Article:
Forge Biologics has developed a bespoke affinity chromatography platform approach that factors in unique vector combinations to streamline development timelines and assist our clients in efficiently entering the clinic. By leveraging our experience with natural and novel serotypes and transgene conformations, we are able to accelerate affinity chromatography development by nearly 3-fold. Many downstream purification models are serotype-dependent, demanding unique and time-consuming development strategies for each AAV gene therapy product1. With the increasing demand to propel AAV gene therapies to market, platform purification methods that support commercial-scale manufacturing of high-quality vectors with excellent safety and efficacy profiles are essential.

Mathai Mammen, FogPharma's next CEO

Math­ai Mam­men hands in J&J's R&D keys to lead Greg Ver­dine’s Fog­Phar­ma 

In the early 1990s, Mathai Mammen was a teaching assistant in Greg Verdine’s Science B46 course at Harvard. In June, the former R&D head at Johnson & Johnson will succeed Verdine as CEO, president and chair of FogPharma, the same month the seven-year-old biotech kickstarts its first clinical trial.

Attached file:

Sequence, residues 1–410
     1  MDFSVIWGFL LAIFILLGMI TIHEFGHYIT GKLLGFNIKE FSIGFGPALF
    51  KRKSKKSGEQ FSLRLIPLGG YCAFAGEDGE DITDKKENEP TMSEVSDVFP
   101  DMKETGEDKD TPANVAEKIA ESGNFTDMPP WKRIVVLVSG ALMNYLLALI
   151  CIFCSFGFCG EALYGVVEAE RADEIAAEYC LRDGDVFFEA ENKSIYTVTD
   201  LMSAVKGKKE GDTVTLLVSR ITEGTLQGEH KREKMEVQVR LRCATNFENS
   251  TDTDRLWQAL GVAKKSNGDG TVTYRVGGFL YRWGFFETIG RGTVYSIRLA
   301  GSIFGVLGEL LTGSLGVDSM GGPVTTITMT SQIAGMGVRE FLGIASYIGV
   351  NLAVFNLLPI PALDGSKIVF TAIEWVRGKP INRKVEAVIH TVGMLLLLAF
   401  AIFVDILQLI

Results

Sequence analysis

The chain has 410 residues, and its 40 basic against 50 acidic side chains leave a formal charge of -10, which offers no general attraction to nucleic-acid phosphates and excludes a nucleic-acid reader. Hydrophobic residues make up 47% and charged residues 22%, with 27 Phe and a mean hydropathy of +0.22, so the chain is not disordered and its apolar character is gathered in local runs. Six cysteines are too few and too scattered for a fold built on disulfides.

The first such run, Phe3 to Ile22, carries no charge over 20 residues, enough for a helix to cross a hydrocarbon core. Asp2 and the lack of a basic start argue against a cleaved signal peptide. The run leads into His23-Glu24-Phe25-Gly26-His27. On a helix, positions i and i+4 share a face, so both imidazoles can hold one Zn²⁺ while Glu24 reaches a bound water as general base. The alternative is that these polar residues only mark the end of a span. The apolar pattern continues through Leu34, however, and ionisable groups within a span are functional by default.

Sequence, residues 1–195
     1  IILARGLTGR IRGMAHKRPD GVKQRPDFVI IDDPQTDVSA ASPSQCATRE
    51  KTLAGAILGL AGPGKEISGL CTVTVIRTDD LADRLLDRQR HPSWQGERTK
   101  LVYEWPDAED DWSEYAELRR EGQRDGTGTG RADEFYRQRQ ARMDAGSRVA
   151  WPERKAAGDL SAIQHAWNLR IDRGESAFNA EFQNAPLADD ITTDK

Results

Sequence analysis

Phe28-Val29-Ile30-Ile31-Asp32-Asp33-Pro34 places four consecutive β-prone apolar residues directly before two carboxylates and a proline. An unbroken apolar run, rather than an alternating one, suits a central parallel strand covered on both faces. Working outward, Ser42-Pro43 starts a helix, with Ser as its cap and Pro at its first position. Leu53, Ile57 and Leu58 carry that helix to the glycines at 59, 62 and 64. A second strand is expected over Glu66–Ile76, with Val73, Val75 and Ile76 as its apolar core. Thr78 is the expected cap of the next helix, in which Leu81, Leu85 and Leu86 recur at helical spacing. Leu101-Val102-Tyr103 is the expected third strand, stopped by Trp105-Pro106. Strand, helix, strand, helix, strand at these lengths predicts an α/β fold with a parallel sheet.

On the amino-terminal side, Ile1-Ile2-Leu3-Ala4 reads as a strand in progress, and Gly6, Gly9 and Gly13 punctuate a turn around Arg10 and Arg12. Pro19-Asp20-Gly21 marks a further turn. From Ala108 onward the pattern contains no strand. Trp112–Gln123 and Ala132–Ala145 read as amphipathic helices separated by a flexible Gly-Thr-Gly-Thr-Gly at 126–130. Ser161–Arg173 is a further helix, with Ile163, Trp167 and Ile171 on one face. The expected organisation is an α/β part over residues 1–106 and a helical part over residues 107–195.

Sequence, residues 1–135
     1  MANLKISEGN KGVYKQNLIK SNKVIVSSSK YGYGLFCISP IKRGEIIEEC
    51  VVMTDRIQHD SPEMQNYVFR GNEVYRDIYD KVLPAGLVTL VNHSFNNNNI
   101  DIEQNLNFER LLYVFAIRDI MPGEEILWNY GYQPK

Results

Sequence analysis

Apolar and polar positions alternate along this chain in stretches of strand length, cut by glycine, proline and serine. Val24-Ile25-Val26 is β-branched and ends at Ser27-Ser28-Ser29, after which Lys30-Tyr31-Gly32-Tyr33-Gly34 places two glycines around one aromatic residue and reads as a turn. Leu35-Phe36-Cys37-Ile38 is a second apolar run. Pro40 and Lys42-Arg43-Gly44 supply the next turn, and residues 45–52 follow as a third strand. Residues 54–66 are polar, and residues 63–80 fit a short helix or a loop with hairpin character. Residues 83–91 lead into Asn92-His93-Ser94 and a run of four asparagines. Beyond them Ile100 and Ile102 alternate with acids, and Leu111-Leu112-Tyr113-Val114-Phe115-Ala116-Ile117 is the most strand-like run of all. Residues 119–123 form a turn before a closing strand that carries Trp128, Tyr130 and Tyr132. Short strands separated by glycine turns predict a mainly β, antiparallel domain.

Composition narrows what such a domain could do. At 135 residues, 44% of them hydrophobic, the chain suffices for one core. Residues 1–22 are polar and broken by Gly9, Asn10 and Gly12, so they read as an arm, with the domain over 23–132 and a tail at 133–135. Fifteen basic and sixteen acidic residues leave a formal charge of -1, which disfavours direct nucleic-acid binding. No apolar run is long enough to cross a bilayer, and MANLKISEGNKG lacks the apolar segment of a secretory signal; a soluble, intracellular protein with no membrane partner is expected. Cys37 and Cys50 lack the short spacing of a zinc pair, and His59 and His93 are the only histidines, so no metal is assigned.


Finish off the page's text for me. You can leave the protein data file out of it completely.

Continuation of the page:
After leading R&D at one of the largest drugmakers in the world, taking the company through more than half a dozen drug approvals in the past few years, not to mention a Covid-19 vaccine race, Mammen departed J&J last month and will take the helm of a Cambridge, MA biotech attempting to go after what Verdine calls the “true emperor of all oncogenes” — beta-catenin.

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Cy­to­ki­net­ics’ ALS drug fails PhI­II, leav­ing the biotech with a sin­gle late-stage prospect

Cytokinetics’ candidate for the muscle disease amyotrophic lateral sclerosis, or ALS, failed a Phase III trial, the Bay Area biotech announced Friday morning.

At a second interim analysis of the trial, an independent review committee recommended that Cytokinetics discontinue its COURAGE-ALS trial for reldesemtiv, as it “found no evidence of effect” compared to placebo on the primary or key secondary endpoints.

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CHMP gives thumbs-up for We­govy use in ado­les­cents, along with nine new drug rec­om­men­da­tions

The European Medicines Agency’s Committee for Medicinal Products for Human Use (CHMP) recommended nine drugs for approval this week while also giving thumbs up for six expanded indications, including Novo Nordisk’s approved obesity medication Wegovy for younger people. Wegovy is already approved as an obesity treatment in the EU for adults, and the new indication would allow prescriptions for adolescents aged 12 and older.

Green­Light re­ceives buy­out of­fer; Apol­lomics com­pletes SPAC merg­er

RNA biotech GreenLight Biosciences has been handed an offer for potential acquisition.